Conference opening and keynote address
Prof. Jean-Pierre Changeux, Pasteur Institute, Paris, France
Jean-Pierre Changeux is Professor Emeritus at the Institut Pasteur, Paris, and a pioneer in the fields of biochemistry, molecular biology, pharmacology and the neurosciences. During his graduate studies, he discovered the phenomenon of allosteric modulation and extended this seminal breakthrough to demonstrate that allostery is fundamental biological paradigm that governs the regulation of multiple classes of macromolecules. In particular, Prof. Changeux isolated, purified and biochemically characterised the nicotinic acetylcholine receptor and demonstrated how this protein was an archetypical model for the entire superfamily of ligand-gated ion channels. His studies on the nicotinic receptor were extended to structural, computational, pharmacological and genetic approaches to understanding receptor functionality and the concept of “allosteric diseases”. In addition, Prof. Changeux has made major contributions to theories underlying the molecular basis of cognition, including the formation and stabilization of synapses and approaches to modeling cognitive function and emerging consciousness. He has also contributed to the humanities through the publication of numerous books that bridge the interface of neuroscience, philosophy and ethics, and is a major patron of the arts. He has published over 670 papers with over 76,000 citations, has been elected as a Member of Academies of Science and other Learned Societies spanning multiple countries, and received numerous international awards, honours and prizes, including the French Legion of Honour.
British Pharmacological Society keynote address
Prof Graeme Milligan, University of Glasgow, UK
Prof Graeme Milligan’s main research group centres on the function, structure and regulation of G protein-coupled receptors (GPCRs) and their interacting proteins. He has published some 500 peer-reviewed articles on these topics and these have been cited more than 24,000 times. He was elected to the Fellowship of the Royal Society of Edinburgh in 1998 and to the Fellowship of the Academy of Medical Sciences in 2016. Prof Milligan is a director and co-founder of the company Caldan Therapeutics which is searching for novel treatments for type II diabetes.
MPGPCR keynote address
Prof Robert J Lefkowitz, Nobel Laureate, Duke University, USA
Dr. Robert J. Lefkowitz is an Investigator of the Howard Hughes Medical Institute, and the James B. Duke Professor of Medicine, Professor of Biochemistry, and Professor of Chemistry at Duke University. He has devoted his entire research career to elucidating the nature and functioning of G-protein coupled receptors. For this body of work, he has received numerous honors including election to the National Academy of Sciences, National Academy of Medicine, and the American Academy of Arts and Sciences. Amongst other awards, he is the recipient of the 2007 National Medal of Science and the 2012 Nobel Prize in Chemistry.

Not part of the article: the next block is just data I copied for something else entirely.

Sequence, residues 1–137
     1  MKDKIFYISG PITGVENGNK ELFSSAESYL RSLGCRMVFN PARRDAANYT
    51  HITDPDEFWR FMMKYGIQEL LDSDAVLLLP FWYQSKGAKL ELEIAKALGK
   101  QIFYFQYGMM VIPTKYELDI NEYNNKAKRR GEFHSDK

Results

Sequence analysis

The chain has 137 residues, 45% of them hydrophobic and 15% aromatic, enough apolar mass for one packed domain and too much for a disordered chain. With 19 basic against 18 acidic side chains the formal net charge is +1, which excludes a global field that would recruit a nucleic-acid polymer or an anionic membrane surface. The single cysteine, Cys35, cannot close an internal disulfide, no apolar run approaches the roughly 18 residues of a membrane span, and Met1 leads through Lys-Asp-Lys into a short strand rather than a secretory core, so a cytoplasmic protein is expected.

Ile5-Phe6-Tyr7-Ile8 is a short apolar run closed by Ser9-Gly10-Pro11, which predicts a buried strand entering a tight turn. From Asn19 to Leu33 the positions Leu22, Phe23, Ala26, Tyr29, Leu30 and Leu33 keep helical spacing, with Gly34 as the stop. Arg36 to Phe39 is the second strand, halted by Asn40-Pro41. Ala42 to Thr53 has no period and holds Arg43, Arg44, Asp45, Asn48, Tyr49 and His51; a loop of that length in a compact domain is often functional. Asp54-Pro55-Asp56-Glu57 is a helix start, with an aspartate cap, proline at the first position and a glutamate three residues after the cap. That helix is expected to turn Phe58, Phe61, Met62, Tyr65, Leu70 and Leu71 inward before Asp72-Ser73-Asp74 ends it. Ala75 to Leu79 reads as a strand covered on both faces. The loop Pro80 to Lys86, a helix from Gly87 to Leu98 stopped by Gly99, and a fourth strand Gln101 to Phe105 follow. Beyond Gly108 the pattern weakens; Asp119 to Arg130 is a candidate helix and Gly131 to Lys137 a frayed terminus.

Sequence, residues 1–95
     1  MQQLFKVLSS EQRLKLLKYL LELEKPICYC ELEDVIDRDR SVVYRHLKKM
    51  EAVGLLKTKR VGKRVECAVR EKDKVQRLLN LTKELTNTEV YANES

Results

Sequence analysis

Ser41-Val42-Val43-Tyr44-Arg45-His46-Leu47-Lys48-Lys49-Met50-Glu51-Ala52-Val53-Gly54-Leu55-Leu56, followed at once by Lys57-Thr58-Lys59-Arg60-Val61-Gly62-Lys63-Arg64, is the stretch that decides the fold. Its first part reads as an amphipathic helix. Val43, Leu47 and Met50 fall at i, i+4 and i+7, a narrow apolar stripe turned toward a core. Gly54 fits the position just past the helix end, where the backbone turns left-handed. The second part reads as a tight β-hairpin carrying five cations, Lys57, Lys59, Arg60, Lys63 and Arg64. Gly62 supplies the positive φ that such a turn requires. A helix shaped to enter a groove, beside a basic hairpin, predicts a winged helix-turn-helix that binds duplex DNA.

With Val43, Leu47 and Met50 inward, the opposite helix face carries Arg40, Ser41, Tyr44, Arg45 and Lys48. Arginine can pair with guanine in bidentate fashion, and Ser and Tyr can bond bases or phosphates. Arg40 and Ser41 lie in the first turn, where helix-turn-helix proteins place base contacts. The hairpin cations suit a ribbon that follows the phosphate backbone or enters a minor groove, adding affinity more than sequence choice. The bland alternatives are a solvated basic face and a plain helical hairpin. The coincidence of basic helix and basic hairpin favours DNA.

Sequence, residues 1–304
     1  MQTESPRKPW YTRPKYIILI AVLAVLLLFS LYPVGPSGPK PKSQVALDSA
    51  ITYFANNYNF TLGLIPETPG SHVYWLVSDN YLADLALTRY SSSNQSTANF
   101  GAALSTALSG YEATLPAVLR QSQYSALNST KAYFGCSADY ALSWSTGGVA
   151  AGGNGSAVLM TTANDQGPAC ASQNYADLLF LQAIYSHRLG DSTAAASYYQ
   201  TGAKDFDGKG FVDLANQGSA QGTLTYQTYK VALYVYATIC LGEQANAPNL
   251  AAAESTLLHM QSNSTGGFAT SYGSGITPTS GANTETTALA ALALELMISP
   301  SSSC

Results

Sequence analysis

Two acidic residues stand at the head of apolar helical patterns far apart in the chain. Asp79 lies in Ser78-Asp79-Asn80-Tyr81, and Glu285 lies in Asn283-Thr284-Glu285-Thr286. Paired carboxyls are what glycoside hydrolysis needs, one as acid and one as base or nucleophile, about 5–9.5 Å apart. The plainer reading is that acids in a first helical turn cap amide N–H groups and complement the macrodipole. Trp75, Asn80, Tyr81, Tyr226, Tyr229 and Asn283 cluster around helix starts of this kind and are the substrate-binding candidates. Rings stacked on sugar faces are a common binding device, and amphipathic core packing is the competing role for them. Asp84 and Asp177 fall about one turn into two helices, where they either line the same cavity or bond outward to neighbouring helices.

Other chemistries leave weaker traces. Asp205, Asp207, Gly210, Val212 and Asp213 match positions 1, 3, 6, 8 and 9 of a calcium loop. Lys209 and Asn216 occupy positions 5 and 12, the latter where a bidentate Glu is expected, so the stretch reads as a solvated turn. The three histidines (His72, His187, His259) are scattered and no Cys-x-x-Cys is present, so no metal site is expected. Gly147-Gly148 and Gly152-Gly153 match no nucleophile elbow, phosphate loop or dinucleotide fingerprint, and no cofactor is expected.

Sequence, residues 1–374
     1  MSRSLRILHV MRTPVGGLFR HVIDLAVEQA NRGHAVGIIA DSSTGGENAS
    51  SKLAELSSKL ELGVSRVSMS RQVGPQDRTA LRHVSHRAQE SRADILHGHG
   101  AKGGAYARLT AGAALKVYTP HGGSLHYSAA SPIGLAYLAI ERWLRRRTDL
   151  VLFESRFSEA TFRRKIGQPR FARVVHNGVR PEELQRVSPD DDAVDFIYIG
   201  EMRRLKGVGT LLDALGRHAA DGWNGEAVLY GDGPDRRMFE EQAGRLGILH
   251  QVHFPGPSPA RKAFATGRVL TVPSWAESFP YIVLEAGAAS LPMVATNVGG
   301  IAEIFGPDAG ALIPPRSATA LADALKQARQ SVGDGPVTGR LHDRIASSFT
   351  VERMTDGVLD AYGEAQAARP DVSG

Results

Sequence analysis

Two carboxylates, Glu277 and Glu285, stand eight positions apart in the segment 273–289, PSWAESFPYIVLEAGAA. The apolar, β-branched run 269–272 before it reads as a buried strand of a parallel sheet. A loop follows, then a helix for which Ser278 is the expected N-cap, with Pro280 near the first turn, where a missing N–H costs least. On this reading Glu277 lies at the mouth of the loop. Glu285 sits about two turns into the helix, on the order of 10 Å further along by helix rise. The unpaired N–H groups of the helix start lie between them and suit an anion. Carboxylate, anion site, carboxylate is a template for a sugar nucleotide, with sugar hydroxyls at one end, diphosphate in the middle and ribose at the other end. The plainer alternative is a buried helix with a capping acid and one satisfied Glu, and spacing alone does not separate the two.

Conference closing and keynote address
Prof Brian Kobilka, Nobel Laureate, Stanford University, USA
Brian Kobilka, MD is Professor of Molecular and Cellular Physiology, and Hélène Irwin Fagan Chair in Cardiology at Stanford University School of Medicine. He received a Bachelor of Science Degrees in Biology and Chemistry from the University of Minnesota, Duluth in 1977. He graduated from Yale University School of Medicine in 1981, and completed residency training in Internal Medicine at the Barnes Hospital, Washington University School of Medicine, St. Louis, Missouri in 1984. From 1984-1989 he was a postdoctoral fellow in the laboratory of Robert Lefkowitz at Duke University. In 1990 he joined the faculty of Medicine and Molecular and Cellular Physiology at Stanford University. Research in the Kobilka lab focuses on the structure and mechanism of action of G protein coupled receptors (GPCRs), which constitute the largest family of receptors for hormones and neurotransmitters in the human genome. GPCRs are the largest group of targets for new therapeutics for a very broad spectrum of diseases. In 2012, Kobilka was awarded the Nobel Prize in Chemistry for his work on GPCRs. He is a member of the National Academy of Sciences, the National Academy of Medicine, and the American Academy of Arts and Sciences.